MOUNT CARMEL - Mount Carmel officials have enlisted the help of U.S. Rep. David Davis to convince the Army to turn loose of the property across Highway 11-W for commercial development.
Two years ago, that Highway 11-W frontage property within the Holston Army Ammunition Plant was slated for a major commercial development under the direction of HAAP tenant BAE Systems. That plan was killed, however, when the general in charge of the plant at the time reportedly decided a retail shop and restaurant development would present a security risk to the explosive manufacturing operation.
Leaders in Mount Carmel haven't given up on the idea of a massive development in their town. But Mount Carmel Alderman Rick Gabriel warned local residents during a Board of Mayor and Aldermen meeting last week, "Don't get your hopes up real high."
"For quite some time under the direction of the mayor and the rest of the board, we've been talking in some detail with Congressman David Davis on this," Gabriel said. "In the final letter we sent him to send to the secretary of the Army, we said the town of Mount Carmel, Tennessee, is requesting the land parallel to the Main Street/Highway 11-W corridor two miles in length and 1,000 feet in depth be released to the town of Mount Carmel for development. We have released BAE from any liability, and they're not tied into that."
Davis told the Times-News Monday he has sent a letter to the secretary of the Army making that request and is now waiting to hear back from the Army. Davis said he supports the idea of developing HAAP's 11-W frontage in Mount Carmel and noted that the general who killed the original development plans has since been replaced.
"I think it's something that the Army should consider," Davis said. "There's a new general now who replaced the one that said no, and that's why I wanted to go directly to the secretary of the Army and find out what the Army would be willing to do. They already moved the security fence back, so if that was an issue, in my mind they already took that action."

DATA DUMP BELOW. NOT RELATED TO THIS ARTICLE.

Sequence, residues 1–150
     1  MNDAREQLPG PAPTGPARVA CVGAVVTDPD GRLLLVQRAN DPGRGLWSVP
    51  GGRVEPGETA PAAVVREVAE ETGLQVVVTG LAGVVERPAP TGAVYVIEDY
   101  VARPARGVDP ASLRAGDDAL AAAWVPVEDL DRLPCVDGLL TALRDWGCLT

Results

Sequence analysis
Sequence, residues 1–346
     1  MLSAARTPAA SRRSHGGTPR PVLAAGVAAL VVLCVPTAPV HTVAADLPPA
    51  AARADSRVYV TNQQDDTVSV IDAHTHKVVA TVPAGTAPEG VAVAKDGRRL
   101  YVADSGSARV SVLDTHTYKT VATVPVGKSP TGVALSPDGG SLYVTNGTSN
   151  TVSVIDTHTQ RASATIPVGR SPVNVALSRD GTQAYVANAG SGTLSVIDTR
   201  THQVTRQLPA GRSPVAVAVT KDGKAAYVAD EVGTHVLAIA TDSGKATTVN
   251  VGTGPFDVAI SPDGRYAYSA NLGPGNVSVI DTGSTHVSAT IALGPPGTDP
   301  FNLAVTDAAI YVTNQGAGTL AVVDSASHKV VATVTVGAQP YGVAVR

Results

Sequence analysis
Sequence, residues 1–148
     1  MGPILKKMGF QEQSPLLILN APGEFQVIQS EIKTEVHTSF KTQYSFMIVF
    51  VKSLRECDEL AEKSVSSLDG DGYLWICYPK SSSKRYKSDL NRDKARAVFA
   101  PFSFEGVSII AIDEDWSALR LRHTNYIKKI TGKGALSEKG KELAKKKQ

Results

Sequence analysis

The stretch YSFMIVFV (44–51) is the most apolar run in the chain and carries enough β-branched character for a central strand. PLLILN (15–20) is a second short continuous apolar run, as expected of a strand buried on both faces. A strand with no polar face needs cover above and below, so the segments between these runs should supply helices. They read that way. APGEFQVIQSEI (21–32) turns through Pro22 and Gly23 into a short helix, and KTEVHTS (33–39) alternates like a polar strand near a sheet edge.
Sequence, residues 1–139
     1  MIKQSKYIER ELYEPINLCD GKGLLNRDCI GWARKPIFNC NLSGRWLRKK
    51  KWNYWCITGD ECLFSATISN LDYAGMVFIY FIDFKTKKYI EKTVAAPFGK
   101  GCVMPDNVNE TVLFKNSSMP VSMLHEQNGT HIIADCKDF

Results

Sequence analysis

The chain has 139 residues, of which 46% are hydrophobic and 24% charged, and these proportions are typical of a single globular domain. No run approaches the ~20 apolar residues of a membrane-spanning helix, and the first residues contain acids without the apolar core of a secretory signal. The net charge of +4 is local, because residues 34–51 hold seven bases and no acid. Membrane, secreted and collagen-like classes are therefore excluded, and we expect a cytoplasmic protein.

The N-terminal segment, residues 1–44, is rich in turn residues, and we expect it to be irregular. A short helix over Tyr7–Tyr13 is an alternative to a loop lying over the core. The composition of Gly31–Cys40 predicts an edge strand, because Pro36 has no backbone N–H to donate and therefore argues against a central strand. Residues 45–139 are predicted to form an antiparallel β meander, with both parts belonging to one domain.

Davis noted, however, that he serves on the Homeland Security Committee and wouldn't be in favor of any plan that creates an unsafe situation for the HAAP munitions plant.
"If it is safe, I want to do everything I can to help create jobs and economic development for the region," Davis said. "If those two things can work together, I hope that's what the secretary reports back to me when he responds."
The property is already within the Mount Carmel corporate boundaries, although the town doesn't collect property tax due to the land being within a federal reserve.
When the project was killed by the Army in January 2006, BAE Systems already had conceptual drawings and designs for a development with 1.2 million square feet of retail space mostly in Mount Carmel to be opened by 2010.
"The Shops At Allandale" was to encompass approximately 160 acres of HAAP highway frontage from Kingsport near the National Guard armory, west into Mount Carmel, and ending approximately at the Englewood Avenue intersection of 11-W.
The project had already attracted several businesses interested in locating at the site.
Tony Hewitt, BAE Systems director of commercial development and community relations, said Monday reviving the idea of opening that territory up for development is news to him.
"It is the Army's land, and we are their operating contractor, and we will respect their wishes and do whatever it is that they desire of us," Hewitt said. "We continue to look at other commercial development opportunities inside the plant and on that acreage. There's not a plan in the bottom drawer that we could pull out tomorrow (for development of the 11-W frontage). We would in effect start again if they (the Army) went down that particular path with that piece of land."
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